The Eagle Has Landed!

If all I did was add two SPST push button switches and one DPDT switch to my little control box:

I would have all I need for the project. The software can set the speed and the travel of the stepper motors to something slow, safe and reasonable. I think the only thing I need to make sure is that the stepper on the inductor control doesn’t hit the stops hard. Since the capacitor can turn 360 degrees, there is no issue there.

Top View of a simple BT1500A in shack controller. If I were to just use wires out to the tuner from this box, I would exceed the number of control wires in the 8 conductor rotor cable that I have because I would need these wires:

  • Positive 12 volts
  • Negative
  • 6 wires for the L / C selector
  • 4 wires for the two SPST (CCW and CW) switches

HOWEVER, it would be possible to put just the stepper motors and their drivers out in the tuner box and keep the Arduino and switching logic in the shack. The reason – the 12V positive and negative already are out there, and it only takes 2 wires to switch between one or the other stepper driver.

All of this came from this web site:

http://www.schmalzhaus.com/EasyDriver/Examples/EasyDriverExamples.html

Examples 1.6 and 4 – sort of combined, and just a very minor code tweak. But pretty much “straight out of the box”!

I circled in Orange the three wires per stepper controller I need. These two wires plus ground send the PWM signals to the stepper. Two wires are already taken for the 12 volt power to drive the steppers and turn on the BT1500A relay, so this means there would only be 2 wires required in addition for each stepper driver. This is the control lines from the Arduino to the stepper driver. So in total:

  • 12v positive
  • 12v negative
  • 5v negative
  • 2 wires for each driver

Which means I get away with 7 wires. There’s an issue though – while the tuner wants the relay switched on with 12v – the stepper motor driver boards get warm when you have 12v applied continuously. One thought is to wire a bypass to the relay that needs to be activated to switch, and then the 12v line will only be on long enough to turn the steppers and then it gets turned off. That should be easy – but I will have to mod the BT1500A. I would do that when I also have to figure out what kind of supporting motor “rail” that will be bolted onto the tuner for the controls. I also need to order some shaft couplers for the steppers to the L and C shafts.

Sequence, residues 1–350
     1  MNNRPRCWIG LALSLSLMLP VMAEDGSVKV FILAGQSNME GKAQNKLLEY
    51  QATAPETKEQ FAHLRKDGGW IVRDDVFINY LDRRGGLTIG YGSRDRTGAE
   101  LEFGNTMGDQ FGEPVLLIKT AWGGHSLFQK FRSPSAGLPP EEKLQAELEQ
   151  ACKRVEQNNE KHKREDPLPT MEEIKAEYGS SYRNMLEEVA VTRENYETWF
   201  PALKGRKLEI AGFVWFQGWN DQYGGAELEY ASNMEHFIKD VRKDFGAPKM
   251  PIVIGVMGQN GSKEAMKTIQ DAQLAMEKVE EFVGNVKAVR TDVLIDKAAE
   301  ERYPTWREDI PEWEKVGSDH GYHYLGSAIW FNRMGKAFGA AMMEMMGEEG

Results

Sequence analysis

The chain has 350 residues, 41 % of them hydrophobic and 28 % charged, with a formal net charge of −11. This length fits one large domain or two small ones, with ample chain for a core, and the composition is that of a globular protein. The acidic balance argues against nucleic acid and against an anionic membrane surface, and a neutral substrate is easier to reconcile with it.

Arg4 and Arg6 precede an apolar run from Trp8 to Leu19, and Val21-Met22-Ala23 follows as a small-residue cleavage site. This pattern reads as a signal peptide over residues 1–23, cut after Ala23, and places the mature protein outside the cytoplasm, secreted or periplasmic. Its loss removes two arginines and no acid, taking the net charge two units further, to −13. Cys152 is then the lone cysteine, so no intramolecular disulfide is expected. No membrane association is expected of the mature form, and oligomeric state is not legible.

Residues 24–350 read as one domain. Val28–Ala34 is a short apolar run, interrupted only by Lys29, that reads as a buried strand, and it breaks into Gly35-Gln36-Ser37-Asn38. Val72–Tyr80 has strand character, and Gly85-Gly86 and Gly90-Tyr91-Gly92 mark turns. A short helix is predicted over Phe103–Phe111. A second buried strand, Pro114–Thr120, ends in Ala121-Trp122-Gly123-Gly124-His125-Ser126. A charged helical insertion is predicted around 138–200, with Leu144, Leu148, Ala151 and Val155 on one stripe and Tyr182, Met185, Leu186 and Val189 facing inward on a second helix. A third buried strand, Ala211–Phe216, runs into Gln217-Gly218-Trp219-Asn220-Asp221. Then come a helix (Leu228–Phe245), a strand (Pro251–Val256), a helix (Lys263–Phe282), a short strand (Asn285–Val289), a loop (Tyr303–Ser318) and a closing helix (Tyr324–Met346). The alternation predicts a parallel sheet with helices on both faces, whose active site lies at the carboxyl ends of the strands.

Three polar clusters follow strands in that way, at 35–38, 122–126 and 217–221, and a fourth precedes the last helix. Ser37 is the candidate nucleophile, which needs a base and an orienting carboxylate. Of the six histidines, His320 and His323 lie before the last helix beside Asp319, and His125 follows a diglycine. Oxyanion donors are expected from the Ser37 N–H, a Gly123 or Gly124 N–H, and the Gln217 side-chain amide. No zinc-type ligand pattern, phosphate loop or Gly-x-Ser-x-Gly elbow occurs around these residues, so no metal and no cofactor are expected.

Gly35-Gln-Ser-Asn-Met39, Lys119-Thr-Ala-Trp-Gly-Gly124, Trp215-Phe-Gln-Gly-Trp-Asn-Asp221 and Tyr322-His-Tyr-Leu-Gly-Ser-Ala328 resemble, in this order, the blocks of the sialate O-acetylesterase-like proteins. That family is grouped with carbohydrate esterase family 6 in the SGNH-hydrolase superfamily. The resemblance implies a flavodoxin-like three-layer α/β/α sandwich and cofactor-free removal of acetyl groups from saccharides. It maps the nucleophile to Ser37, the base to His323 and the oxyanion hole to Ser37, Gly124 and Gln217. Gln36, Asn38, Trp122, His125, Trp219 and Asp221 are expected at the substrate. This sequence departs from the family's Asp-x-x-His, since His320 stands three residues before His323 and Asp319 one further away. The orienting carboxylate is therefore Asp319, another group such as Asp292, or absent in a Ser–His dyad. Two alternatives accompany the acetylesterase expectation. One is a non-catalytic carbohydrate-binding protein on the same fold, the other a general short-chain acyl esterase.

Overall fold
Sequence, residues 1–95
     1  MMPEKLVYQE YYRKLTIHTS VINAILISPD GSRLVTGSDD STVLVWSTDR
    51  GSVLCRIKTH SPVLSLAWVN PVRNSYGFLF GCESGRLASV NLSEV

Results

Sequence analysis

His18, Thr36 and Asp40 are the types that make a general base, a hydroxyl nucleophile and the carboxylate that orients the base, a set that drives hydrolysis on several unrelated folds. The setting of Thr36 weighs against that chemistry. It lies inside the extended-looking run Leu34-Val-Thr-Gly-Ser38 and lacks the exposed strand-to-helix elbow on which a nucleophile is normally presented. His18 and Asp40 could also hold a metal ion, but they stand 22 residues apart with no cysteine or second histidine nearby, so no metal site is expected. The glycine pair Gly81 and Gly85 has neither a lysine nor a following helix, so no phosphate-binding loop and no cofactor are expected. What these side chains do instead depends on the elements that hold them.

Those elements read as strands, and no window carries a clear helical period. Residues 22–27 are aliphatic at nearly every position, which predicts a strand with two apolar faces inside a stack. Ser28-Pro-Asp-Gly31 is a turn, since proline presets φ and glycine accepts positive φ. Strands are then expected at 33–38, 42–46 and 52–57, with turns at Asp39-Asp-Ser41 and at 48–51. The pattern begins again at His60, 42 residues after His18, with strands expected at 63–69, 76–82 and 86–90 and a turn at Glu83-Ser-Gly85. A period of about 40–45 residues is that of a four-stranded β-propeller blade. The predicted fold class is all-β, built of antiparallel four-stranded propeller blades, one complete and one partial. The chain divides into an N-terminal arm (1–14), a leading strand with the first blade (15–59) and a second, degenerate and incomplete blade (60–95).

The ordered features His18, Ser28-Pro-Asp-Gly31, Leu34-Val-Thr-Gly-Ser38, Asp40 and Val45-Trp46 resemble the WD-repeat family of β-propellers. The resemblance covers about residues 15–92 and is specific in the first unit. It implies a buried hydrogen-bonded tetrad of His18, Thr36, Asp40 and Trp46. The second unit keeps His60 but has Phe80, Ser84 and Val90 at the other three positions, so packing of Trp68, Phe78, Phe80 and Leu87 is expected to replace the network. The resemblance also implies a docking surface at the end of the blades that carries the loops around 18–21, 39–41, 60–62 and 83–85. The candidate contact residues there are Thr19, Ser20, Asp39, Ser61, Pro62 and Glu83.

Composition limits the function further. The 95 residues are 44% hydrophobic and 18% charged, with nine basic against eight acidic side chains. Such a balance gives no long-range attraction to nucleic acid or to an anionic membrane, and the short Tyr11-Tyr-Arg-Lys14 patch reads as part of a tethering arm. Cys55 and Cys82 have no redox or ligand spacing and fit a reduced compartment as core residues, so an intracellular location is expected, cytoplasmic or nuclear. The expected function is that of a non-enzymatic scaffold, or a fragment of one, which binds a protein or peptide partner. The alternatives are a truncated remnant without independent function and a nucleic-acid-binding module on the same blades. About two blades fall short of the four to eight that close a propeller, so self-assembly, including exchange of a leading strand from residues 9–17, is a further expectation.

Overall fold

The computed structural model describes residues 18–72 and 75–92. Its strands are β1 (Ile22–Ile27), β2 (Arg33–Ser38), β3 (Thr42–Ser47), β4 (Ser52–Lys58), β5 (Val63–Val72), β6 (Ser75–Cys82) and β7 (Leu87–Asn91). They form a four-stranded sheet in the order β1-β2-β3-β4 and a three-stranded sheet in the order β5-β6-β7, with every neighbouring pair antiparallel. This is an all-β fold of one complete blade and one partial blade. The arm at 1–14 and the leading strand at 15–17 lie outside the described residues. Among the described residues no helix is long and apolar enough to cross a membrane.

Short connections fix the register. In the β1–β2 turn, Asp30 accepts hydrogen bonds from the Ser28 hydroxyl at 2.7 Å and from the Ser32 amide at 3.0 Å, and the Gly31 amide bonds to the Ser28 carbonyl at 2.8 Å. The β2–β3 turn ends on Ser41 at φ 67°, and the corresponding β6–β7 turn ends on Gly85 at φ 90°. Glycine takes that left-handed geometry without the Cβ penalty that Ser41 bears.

The big benefit of splitting the system at the driver board is simplicity and fewer components out in the heat and cold. It also means I could change the control code any time I want since the Arduino would be in the shack.

Using the KPOD via wireless is the “advanced” version of this, and I still want to do it, but what is pretty cool is that I could actually get away with something already – that is as about as simple as you can get. In fact, I could keep it really simple and not go wireless and just try to figure out how to plug the KPOD directly into the Arduino board, even if this means a modification of the KPOD – but I am trying to avoid any modifications of any part of this system – I’d love to make this an “Open Source” project in the “Maker Mode” which is to treat all components as “plug and play commodities” and that the biggest variable is the code itself. Speaking of that – this most simple version of this project – the code is ridiculously simple:

#define DISTANCE 10

int StepCounter = 0;
int Stepping = false;

void setup() {
  pinMode(8, OUTPUT);
  pinMode(9, OUTPUT);
  digitalWrite(8, LOW);
  digitalWrite(9, LOW);

  pinMode(2, INPUT);
  pinMode(3, INPUT);
}

void loop() {
  if (digitalRead(3) == LOW && Stepping == false)
  {
    digitalWrite(8, LOW);
    Stepping = true;
  }
  if (digitalRead(2) == LOW && Stepping == false)
  {
    digitalWrite(8, HIGH);
    Stepping = true;
  }

  if (Stepping == true)
  {
    digitalWrite(9, HIGH);
    delay(1);
    digitalWrite(9, LOW);
    delay(1);

    StepCounter = StepCounter + 1;

    if (StepCounter == DISTANCE)
    {
      StepCounter = 0;
      Stepping = false;
    }
  }
}

Again, all of this came from Brian Schmalz of Schmalzhaus.

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